Imagine a side hustler. They supplement their income by selling vintage clothes on Etsy and Depop. They make a small profit that enables them to save more money and go on nice holidays. They are not looking to expand. They are perfectly comfortable taking advantage of third-party platforms to sell their wares. They don't need a website. The extra time investment in growing their website would present a return on investment significant enough to move away from using Etsy and Depop.

As I mentioned earlier, websites are hackable. Hacking websites is more common than people realise. Businesses with regulatory and privacy concerns may market their business through different means. Consider a Mental Health Counselling Practice. For patient privacy, they comply with strict data and security policies. A website presents a risk to that security. To mitigate against that risk, they prefer to operate as much in-person as possible. They receive business through professional and patient referrals. They use less risky communication channels. They must put patient data security first. They do not need a website. 

These are just a few examples of businesses that don't need a website. There are many more. These businesses may require some functions of a website, but not all. What tools can you use for website functions without investing in a website?

What alternatives are there to building a website for a business?

To answer this question, let's break down the various functions of a website. There are three main functions to discuss: marketing, sales and communication.

Marketing without a website

Social media plays a significant role in most marketing strategies. Through social media, a business can expand its reach, develop its brand and grow a community of loyal followers. It is so prominent many people question whether social media is more important than a website.

Let's look beyond the standard social platforms like Instagram, LinkedIn and TikTok. There are industry-specific platforms available to market business services. For creative work, Behance and Dribbble can showcase a portfolio without needing a website. Developers use GitHub to show their code and projects they're involved in. Anyone can write blog posts for their industry using tools like Medium. Regardless of niche, platforms exist to help with digital marketing without a website.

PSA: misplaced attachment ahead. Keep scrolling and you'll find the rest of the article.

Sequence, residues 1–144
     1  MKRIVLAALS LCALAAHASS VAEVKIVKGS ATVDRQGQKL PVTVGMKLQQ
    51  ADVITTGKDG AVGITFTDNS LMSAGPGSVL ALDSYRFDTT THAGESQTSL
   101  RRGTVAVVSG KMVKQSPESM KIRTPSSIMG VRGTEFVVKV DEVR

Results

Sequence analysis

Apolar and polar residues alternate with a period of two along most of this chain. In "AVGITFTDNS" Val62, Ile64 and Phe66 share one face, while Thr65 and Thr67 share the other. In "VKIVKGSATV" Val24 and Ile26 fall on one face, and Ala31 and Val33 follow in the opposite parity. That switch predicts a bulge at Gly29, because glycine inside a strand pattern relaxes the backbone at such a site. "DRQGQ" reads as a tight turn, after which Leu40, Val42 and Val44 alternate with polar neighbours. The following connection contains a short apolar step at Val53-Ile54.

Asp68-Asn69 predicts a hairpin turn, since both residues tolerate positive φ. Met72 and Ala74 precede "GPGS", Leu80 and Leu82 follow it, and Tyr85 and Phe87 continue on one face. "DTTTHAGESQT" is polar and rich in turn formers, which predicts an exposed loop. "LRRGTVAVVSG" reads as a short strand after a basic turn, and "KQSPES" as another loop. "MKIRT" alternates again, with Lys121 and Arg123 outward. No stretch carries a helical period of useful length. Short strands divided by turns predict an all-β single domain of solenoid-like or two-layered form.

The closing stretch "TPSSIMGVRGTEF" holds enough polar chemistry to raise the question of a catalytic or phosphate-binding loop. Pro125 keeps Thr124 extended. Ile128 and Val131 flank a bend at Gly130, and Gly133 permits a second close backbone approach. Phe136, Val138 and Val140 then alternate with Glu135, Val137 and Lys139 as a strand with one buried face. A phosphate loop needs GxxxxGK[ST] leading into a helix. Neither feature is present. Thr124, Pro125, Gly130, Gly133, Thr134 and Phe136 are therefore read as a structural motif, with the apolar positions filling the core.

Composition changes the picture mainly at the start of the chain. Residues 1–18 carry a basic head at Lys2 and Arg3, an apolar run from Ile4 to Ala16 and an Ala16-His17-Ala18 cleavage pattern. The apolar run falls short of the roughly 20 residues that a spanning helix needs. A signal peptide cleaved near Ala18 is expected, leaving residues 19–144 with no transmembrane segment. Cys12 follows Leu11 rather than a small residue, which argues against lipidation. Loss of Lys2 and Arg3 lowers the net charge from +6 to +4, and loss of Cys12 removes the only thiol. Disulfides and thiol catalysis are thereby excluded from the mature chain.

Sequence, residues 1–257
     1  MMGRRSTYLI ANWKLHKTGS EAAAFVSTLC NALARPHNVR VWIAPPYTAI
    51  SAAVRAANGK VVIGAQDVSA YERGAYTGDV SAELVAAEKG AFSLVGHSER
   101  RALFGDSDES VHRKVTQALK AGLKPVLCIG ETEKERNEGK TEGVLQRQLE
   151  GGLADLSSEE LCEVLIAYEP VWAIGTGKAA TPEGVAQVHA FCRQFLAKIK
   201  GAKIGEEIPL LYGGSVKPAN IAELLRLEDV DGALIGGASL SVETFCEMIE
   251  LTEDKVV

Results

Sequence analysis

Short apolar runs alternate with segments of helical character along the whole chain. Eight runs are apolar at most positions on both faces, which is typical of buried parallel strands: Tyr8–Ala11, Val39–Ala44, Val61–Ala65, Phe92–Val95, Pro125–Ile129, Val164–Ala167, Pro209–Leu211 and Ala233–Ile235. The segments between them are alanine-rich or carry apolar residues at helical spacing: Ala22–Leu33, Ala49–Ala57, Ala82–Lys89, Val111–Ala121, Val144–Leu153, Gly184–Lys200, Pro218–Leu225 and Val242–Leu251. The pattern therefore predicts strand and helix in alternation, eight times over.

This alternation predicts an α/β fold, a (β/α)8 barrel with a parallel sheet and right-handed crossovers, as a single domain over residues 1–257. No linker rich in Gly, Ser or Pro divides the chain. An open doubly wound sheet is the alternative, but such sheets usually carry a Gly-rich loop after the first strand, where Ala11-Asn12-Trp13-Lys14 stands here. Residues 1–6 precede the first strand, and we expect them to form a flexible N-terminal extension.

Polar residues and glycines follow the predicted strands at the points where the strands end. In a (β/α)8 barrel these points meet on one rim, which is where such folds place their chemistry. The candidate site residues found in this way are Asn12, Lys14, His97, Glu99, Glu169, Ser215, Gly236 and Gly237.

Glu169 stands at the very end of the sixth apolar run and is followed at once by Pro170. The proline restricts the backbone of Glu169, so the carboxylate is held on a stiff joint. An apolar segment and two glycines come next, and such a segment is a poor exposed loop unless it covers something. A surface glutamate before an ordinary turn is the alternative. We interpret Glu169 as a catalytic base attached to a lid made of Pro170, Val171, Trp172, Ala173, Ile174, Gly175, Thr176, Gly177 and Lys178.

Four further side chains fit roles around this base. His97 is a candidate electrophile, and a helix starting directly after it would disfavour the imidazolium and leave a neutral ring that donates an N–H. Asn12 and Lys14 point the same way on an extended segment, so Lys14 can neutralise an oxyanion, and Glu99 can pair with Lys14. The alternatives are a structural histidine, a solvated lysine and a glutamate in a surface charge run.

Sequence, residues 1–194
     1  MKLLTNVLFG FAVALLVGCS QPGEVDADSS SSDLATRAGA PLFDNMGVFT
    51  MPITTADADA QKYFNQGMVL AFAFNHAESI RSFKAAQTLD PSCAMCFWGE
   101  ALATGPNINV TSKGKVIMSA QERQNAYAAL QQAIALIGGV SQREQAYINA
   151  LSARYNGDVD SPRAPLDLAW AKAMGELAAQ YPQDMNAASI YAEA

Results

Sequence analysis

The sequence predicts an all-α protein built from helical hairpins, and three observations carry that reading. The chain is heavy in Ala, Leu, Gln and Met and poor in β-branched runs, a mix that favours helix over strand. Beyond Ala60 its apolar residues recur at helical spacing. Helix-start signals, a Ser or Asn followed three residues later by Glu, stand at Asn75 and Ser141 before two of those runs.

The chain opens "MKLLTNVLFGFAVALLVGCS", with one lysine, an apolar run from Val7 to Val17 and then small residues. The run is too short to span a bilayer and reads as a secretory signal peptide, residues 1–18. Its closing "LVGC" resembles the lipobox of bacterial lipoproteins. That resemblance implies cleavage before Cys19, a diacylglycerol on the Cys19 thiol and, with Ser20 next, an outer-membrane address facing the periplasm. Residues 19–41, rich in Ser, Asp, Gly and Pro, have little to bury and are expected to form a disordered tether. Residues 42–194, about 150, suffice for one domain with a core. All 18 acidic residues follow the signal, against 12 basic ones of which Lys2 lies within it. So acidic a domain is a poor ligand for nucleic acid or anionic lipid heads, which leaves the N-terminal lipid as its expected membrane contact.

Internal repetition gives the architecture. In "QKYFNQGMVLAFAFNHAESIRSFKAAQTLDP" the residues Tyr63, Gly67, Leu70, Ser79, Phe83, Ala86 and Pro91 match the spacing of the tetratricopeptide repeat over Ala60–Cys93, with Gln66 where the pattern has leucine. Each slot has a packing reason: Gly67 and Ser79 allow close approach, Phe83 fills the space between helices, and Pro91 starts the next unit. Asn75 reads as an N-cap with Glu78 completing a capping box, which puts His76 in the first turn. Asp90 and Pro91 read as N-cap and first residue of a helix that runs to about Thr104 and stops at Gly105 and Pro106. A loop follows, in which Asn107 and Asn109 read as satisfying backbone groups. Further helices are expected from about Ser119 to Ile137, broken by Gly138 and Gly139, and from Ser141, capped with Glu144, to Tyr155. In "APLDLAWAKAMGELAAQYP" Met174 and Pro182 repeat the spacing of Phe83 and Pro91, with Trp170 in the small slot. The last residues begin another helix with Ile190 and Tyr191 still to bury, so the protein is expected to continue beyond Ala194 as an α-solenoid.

Online sales alternatives

You may think that e-commerce businesses need a website. Think again. 

Look at where you buy products from. How often do you buy directly from a business compared to marketplaces like Amazon, eBay and Etsy? For many, e-commerce platforms are more effective than websites. Using third-party sales platforms makes it easier for customers to find a product than if a business only sold it on its website. The same is true for service businesses. Look at the plethora of freelancer platforms. Upwork, Fiverr and many more offer a place to sell freelance services without a website.

Providing business information and customer interaction

Websites are not essential for providing information about a business. There are third-party services that do this. Google Business is a great example. This tool can present as much information about businesses as needed. It can host contact information, photos, prices and product information. Customers can also leave feedback and provide valuable social proof of its high-quality services.

There are plenty of third-party platforms for customer interaction as well. Surveys and feedback forms are available through free apps like Google Forms. Most CRMs, like HubSpot and Monday, provide tools to engage with and receive customer feedback. Even social media direct messages are a great way for customers to interact with a business.

So, does every business need a website?

As someone who makes websites, I aim to help people achieve their business goals online. With that in mind, here is my take on whether every business needs a website.

Whenever considering a website project, we must examine the business goals and how a website can achieve those goals. If a website does not help achieve a business's goals, it is not worth the investment. 

There may come a time when a website is more beneficial. When that happens, you want to start fresh. Replacing an unmaintained website can be problematic. If a website is hacked or given a low search engine ranking, it may take longer to reap the benefits of the new website while its reputation rebuilds. 

With that in mind, I recommend only building a website when needed. Take the time to consider whether it would be beneficial or not. Take advice where you can. If you are thinking of building a website and want my advice, drop me an email here.